Roger Ebert correctly predicts the future of movies in 1987

If you work in the film journalism industry, be it for print or online, you have to respect Roger Ebert. He's who pretty much all of us aspire to be, and he's been doling out wisdom on film for decades. He's occasionally attempted to predict the future of the industry, and by god, he's sometimes right.

This gem was dug up by Pale of the Future and spotlighted by the LA Times. It's Ebert in 1987 commenting to Omni Magazine on what he thinks the future of movies will be like.

"We will have high-definition, wide-screen television sets and a push-button dialing system to order the movie you want at the time you want it. You’ll not go to a video store but instead order a movie on demand and then pay for it. Videocassette tapes as we know them now will be obsolete both for showing prerecorded movies and for recording movies. People will record films on 8mm and will play them back using laser-disk/CD technology."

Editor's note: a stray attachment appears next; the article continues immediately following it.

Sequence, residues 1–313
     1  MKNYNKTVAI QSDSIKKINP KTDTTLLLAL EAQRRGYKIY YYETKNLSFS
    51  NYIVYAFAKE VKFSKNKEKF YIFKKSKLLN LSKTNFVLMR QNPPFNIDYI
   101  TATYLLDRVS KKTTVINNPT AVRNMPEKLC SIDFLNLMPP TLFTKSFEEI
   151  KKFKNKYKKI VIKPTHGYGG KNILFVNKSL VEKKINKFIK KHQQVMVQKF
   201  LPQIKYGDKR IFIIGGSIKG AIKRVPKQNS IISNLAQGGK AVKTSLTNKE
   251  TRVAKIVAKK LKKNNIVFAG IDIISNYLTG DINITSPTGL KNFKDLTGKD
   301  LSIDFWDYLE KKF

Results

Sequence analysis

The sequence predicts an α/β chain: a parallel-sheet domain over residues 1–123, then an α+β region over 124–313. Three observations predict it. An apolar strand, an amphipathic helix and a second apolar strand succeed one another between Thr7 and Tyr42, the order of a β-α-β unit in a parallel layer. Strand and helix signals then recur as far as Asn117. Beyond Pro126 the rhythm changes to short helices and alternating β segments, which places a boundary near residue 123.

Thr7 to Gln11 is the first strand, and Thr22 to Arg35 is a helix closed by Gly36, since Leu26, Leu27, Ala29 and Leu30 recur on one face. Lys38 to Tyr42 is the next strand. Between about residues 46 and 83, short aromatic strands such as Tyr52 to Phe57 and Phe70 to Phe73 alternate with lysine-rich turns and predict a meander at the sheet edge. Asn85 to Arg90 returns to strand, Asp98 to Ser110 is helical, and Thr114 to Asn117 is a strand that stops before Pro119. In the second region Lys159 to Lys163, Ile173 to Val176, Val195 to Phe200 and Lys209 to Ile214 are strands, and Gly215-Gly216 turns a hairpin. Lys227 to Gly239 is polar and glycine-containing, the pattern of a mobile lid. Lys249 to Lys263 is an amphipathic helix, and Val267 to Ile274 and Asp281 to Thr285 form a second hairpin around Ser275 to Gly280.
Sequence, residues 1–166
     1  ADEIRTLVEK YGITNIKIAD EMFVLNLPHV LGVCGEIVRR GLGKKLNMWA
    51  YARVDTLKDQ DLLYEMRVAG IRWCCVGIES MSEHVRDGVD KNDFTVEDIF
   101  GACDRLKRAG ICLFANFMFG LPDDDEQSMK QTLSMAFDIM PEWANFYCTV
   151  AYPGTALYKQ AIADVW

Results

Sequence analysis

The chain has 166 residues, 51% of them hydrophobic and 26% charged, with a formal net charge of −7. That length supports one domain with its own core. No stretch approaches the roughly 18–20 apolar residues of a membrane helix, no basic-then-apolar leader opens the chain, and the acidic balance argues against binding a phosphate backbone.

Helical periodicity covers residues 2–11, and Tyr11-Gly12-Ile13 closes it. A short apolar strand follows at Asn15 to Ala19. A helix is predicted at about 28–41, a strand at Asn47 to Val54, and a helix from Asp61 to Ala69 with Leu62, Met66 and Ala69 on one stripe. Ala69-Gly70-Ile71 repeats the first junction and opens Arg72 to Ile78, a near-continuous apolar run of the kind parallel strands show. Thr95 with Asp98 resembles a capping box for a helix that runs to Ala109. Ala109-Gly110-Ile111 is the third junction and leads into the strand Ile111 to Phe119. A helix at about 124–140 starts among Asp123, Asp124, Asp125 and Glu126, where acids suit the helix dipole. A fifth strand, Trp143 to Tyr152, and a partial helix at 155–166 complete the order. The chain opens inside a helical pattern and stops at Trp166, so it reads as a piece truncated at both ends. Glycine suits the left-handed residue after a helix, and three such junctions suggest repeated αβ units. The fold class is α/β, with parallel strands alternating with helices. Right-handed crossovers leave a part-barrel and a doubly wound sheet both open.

Netflix and DVD forecast in 1987? Not bad Ebert. What else you got?

"I also am very, very excited by the fact that before long, alternative films will penetrate the entire country. Today seventy-five percent of the gross from a typical art film in America comes from as few as six –six– different theaters in six different cities. Ninety percent of the American motion-picture marketplace never shows art films. With this revolution in delivery and distribution, anyone, in any size town or hamlet, will see the movies he or she wants to see. It will be the same as it’s always been with books. You can be a hermit and still read any author you choose."

Art films still struggle with distribution, but yes, a lot more people are able to see them via the internet these days (legally or illegally), so another good prediction.

Ebert concludes with the fact that it will get cheaper to make movies, and will cost as much as it does to publish a book or music album. We'll call that one a split decision between $10,000 PARANORMAL ACTIVITY and $400M AVATAR.

Extra Tidbit: So, what predictions do you have for the industry for twenty years from now?



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